Self Care as our Healthcare: We touch on this A LOT! Taking preventative measures leading up to tour and while on the road can set you up for success when you encounter a change in elevation, weather, sound and energy. All of these changes will effect your nervous system and rock your body right…or wrong.
Preventative healthcare is old-brand-new. Integrating plant medicine and mindfulness into your daily routine leading up to tour as well as on the road can have enormous effects on your ability to adapt to a new environment. Check out our materia medica for an ongoing list of plant and their properties.
MOOP Mastery: MOOP is an acronym born at Burning Man for “Matter Out of Place”, and refers to anything that is not originally of the land on which these events take place. It could be anything from a broken camp chair to a bottle cap.
As you traverse the terrain of the campgrounds to the dance floor and even on stage keep your eyes peeled and your fingers nimble to pick up micro trash that is trying its darnest to blend into the earthen floor. It does not belong there. We put it there!
MOOP bags and PLD’s (personal landfill devices = single use water bottle) are methods to the madness. Having a receptacle to catch MOOP will indoctrinate you quickly into the leave no trace ethos, even off playa and back in Babylon.
Campsites: Over the past decade waste operations have expanded their waste stream aesthetically and educationally. These days signage and waste receptacle colors and sizes are encouraging proper placement of waste items, whether that be food scraps, cigarette buts or beer cans. Take time at each event to acculturate yourself with the waste stations so that it becomes second nature when you have even the smallest something to divert. *Diversion means: keep it out of the landfill! Recycling and composting come first, landfill comes last.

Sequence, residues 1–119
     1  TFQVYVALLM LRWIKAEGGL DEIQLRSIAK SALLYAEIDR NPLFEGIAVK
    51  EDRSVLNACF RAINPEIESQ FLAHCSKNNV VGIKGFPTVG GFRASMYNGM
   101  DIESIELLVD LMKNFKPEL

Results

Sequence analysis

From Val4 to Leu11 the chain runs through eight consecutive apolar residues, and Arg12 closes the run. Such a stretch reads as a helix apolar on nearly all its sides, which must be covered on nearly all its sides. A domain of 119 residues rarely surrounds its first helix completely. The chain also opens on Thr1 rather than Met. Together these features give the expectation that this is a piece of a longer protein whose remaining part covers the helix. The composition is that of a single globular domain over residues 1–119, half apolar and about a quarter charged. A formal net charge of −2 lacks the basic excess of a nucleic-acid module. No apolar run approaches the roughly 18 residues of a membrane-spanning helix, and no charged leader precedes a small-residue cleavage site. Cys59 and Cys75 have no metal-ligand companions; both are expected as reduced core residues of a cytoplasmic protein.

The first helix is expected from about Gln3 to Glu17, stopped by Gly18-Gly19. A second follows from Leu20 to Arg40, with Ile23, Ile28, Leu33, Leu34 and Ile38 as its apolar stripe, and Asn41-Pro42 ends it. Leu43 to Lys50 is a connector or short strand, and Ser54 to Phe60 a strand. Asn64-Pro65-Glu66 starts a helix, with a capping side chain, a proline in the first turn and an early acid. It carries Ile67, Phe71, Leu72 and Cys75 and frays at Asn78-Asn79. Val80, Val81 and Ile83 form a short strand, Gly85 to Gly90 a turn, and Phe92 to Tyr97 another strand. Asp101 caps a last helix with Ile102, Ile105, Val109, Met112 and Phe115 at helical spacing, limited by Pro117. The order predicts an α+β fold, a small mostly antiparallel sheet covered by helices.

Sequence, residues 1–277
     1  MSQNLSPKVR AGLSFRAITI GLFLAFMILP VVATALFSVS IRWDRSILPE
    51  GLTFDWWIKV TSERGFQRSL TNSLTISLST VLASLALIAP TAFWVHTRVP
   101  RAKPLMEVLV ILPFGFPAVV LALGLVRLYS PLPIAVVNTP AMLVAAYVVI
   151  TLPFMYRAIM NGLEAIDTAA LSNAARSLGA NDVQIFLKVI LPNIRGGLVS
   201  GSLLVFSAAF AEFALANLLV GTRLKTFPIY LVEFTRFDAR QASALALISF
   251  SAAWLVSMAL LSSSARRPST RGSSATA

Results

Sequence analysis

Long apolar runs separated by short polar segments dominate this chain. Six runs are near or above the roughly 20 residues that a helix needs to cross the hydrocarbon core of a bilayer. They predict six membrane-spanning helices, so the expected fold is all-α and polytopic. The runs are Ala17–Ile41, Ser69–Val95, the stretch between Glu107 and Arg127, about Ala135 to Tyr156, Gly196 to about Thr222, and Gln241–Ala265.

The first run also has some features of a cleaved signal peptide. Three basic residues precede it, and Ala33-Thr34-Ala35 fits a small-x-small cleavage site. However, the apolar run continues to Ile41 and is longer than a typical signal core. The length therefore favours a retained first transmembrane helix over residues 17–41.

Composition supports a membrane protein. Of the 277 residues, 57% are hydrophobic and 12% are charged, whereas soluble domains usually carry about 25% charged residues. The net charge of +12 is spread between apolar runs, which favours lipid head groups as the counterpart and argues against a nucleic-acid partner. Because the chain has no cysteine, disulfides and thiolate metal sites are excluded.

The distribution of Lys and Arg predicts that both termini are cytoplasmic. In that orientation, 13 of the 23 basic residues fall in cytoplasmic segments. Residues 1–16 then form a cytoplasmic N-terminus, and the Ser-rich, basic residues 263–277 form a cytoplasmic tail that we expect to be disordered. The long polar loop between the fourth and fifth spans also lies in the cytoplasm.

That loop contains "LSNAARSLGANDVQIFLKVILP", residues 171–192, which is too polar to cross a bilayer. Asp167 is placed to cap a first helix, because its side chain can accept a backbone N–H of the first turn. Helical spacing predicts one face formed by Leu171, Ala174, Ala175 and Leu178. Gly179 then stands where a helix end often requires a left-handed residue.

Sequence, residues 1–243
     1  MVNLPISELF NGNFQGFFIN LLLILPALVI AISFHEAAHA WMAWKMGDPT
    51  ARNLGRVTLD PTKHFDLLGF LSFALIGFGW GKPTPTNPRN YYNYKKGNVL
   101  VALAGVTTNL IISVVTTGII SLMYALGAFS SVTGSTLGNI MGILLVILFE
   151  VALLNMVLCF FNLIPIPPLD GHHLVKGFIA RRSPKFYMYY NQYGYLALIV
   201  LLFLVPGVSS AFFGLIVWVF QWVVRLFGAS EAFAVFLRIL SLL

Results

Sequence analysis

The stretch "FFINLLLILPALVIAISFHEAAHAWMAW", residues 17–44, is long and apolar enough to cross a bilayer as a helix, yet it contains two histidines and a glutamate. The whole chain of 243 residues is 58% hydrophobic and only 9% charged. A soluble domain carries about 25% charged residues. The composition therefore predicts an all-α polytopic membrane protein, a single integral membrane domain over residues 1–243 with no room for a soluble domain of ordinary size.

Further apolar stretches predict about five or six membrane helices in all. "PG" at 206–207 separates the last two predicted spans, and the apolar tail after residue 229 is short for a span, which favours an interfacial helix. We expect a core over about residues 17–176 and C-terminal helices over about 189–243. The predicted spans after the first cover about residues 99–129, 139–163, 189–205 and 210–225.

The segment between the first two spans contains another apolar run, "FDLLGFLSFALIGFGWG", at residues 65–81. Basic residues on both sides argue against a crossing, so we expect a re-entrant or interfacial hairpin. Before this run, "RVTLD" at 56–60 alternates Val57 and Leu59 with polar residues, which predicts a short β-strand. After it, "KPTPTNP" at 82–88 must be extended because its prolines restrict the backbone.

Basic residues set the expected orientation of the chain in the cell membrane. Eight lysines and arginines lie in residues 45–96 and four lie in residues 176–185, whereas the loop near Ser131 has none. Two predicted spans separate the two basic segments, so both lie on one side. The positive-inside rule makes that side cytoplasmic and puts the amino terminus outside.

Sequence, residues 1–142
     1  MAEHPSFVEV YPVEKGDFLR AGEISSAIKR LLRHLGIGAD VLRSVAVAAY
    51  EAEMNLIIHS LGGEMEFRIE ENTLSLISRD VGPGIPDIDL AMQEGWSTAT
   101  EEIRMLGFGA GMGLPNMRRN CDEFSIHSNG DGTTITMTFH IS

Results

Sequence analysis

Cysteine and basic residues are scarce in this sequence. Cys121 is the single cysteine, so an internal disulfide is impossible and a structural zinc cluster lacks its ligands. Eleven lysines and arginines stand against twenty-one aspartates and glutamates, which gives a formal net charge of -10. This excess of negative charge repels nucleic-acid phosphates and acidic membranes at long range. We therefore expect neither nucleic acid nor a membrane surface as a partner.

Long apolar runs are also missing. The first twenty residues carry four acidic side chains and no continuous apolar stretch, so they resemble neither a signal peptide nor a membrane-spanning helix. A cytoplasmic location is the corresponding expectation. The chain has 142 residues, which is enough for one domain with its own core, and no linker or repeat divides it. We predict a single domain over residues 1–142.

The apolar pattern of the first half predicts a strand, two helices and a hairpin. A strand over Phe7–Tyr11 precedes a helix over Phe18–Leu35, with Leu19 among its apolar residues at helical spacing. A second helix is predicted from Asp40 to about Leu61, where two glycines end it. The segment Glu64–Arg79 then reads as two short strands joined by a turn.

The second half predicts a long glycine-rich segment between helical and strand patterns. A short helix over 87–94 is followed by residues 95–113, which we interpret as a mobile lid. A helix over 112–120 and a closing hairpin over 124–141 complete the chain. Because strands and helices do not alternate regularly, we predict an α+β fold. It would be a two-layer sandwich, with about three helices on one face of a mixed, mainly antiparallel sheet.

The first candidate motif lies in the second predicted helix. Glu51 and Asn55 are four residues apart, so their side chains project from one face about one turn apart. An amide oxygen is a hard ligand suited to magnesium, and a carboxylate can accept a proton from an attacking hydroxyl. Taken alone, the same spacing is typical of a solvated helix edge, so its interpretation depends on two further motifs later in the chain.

What is your exodus plan? Designate someone in your camp who will bring black trash bags / blue recycle bags / 5 gallon bucket for compost. Signage is also a plus if you can swing by a printer on the way. Click here for waste stream signage designed by us!
Special thanks to Lucidity Festivals for sparking #endsingleuse in the event industry and for contributing juicy bits to this conversation.
# ELIXIRS AS MIXERS
# Conscious Communication
Hey y’all, Violet here as the NOHM Front of House Manager (FOH). Feeling honored to serve in this position and represent the philosophy of a NOHMie. I reflect on our mission statement “encouraging conscious consumption and conversation, steeped in tradition” and recognize that mindful communication plays an important role in our intention. If we consider the alchemy in all that we do, we hold the ability to shift our reality by the way we communicate with other people, ourselves, our medicine, and nature as a whole. My offering to each of you stands as a listener, someone to process with, a mediator, an advocate of integrity, a facilitator of efficiency and an activist to create a more sustainable NOHM community. It feels satisfying to offer this information to calibrate our interactions as a potent form of healing. Below, I wrote some key notes to offer perspective on the ways our language can liberate us from destructive patterns. Thanks for reading!